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WoW64 Egghunter

Traditional Egghunter An Egghunter is nothing more than an assembly routine to find shellcode somewhere in memory. We typically deploy an Egghunter when there is no more room in our buffer that we can use to initially redirect EIP to. If we are able to load our shellcode elsewhere in process memory, the Egghunter will […]

Hack Notes : Ropping eggs for breakfast

Introduction I think we all agree that bypassing DEP (and ASLR) is no longer a luxury today. As operating systems (such as Windows 7) continue to gain popularity, exploit developers are forced to deal with increasingly more memory protection mechanisms, including DEP and ASLR. From a defense perspective, this is a good thing. But we […]

Offensive Security Exploit Weekend

Introduction I’m excited and honored to be able to announce that Sud0, one of our Corelan Team members, has won the Offensive Security Exploit weekend, an exploiting exercise only available to Offensive Security certified alumni. The challenge was built around a vulnerability in Foxit Reader.  Each participant was pointed to a Proof of Concept exploit, […]

Exploit notes – win32 eggs-to-omelet

In article 8 of my exploit writing series, I have introduced the concept of egg hunters, and explained what an omelet hunter is and how it works. Today, I want to share with you my own eggs-to-omelet implementation, explain how it works, and how you can use it in a standalone exploit or in a […]

Exploit writing tutorial part 9 : Introduction to Win32 shellcoding

Over the last couple of months, I have written a set of tutorials about building exploits that target the Windows stack. One of the primary goals of anyone writing an exploit is to modify the normal execution flow of the application and trigger the application to run arbitrary code… code that is injected by the […]

Exploit writing tutorial part 8 : Win32 Egg Hunting

Introduction Easter is still far away, so this is probably the right time to talk about ways to hunting for eggs (so you would be prepared when the easter bunny brings you another 0day vulnerability) In the first parts of this exploit writing tutorial series, we have talked about stack based overflows and how they […]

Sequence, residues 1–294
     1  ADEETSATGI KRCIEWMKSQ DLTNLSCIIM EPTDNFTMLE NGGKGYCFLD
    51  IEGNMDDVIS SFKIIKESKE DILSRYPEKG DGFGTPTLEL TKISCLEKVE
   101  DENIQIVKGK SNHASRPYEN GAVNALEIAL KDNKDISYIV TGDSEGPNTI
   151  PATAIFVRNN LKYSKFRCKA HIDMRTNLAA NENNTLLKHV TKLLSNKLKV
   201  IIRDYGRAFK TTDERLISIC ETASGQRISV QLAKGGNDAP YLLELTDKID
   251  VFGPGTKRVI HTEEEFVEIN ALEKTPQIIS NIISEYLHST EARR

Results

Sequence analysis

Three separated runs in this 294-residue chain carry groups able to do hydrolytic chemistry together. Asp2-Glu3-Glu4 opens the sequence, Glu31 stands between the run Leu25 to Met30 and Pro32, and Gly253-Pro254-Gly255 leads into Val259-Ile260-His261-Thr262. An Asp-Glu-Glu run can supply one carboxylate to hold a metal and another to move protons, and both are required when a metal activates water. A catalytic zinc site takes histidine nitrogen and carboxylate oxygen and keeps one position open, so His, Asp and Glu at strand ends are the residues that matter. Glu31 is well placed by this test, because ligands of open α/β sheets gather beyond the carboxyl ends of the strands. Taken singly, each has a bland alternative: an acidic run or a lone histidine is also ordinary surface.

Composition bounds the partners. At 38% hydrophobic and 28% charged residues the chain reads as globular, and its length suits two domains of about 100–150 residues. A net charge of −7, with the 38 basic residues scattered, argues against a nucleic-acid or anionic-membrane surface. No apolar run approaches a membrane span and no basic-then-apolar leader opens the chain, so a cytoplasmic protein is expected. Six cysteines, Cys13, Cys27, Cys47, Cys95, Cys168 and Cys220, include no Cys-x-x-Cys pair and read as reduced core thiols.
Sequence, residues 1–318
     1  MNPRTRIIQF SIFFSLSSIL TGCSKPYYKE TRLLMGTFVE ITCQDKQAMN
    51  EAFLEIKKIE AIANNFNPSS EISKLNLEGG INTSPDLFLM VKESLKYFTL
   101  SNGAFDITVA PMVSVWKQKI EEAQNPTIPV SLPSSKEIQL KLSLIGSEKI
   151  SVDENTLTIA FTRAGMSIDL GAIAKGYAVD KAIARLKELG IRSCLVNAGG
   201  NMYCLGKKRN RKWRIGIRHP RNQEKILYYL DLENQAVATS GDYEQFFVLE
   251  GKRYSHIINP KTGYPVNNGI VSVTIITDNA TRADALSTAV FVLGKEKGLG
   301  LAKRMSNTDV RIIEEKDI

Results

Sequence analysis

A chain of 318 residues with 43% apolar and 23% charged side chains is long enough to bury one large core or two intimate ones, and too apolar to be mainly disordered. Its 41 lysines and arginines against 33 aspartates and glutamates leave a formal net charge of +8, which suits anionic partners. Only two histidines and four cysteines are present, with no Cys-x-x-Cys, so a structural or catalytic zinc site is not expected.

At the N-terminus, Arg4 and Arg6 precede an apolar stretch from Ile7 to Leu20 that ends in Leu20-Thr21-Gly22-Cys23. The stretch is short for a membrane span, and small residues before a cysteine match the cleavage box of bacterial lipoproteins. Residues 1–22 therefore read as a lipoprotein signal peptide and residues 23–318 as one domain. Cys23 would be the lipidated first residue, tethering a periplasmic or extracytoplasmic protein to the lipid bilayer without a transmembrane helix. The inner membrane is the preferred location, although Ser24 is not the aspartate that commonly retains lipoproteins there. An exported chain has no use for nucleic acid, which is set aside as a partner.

Exploit writing tutorial part 7 : Unicode – from 0x00410041 to calc

Finally … after spending a couple of weeks working on unicode and unicode exploits, I’m glad and happy to be able to release this next article in my basic exploit writing series : writing exploits for stack based unicode buffer overflows (wow – that’s a mouthful). You may (or may not) have encountered a situation […]

Exploit writing tutorial part 5 : How debugger modules & plugins can speed up basic exploit development

In the first parts of this exploit writing tutorial, I have mainly used Windbg as a tool to watch registers and stack contents while evaluating crashes and building exploits. Today, I will discuss some other debuggers and debugger plugins that will help you speed up this process. A typical exploit writing toolkit arsenal should at […]

Exploit writing tutorial part 4 : From Exploit to Metasploit – The basics

In the first parts of the exploit writing tutorial, I have discussed some common vulnerabilities that can lead to 2 types of exploits : stack based buffer overflows (with direct EIP overwrite), and stack based buffer overflows that take advantage of SEH chains. In my examples, I have used perl to demonstrate how to build […]

Exploit writing tutorial part 3b : SEH Based Exploits – just another example

In the previous tutorial post, I have explained the basics of SEH based exploits. I have mentioned that in the most simple case of an SEH based exploit, the payload is structured like this : [Junk][next SEH][SEH][Shellcode] I have indicated that SEH needs to be overwritten by a pointer to “pop pop ret” and that […]

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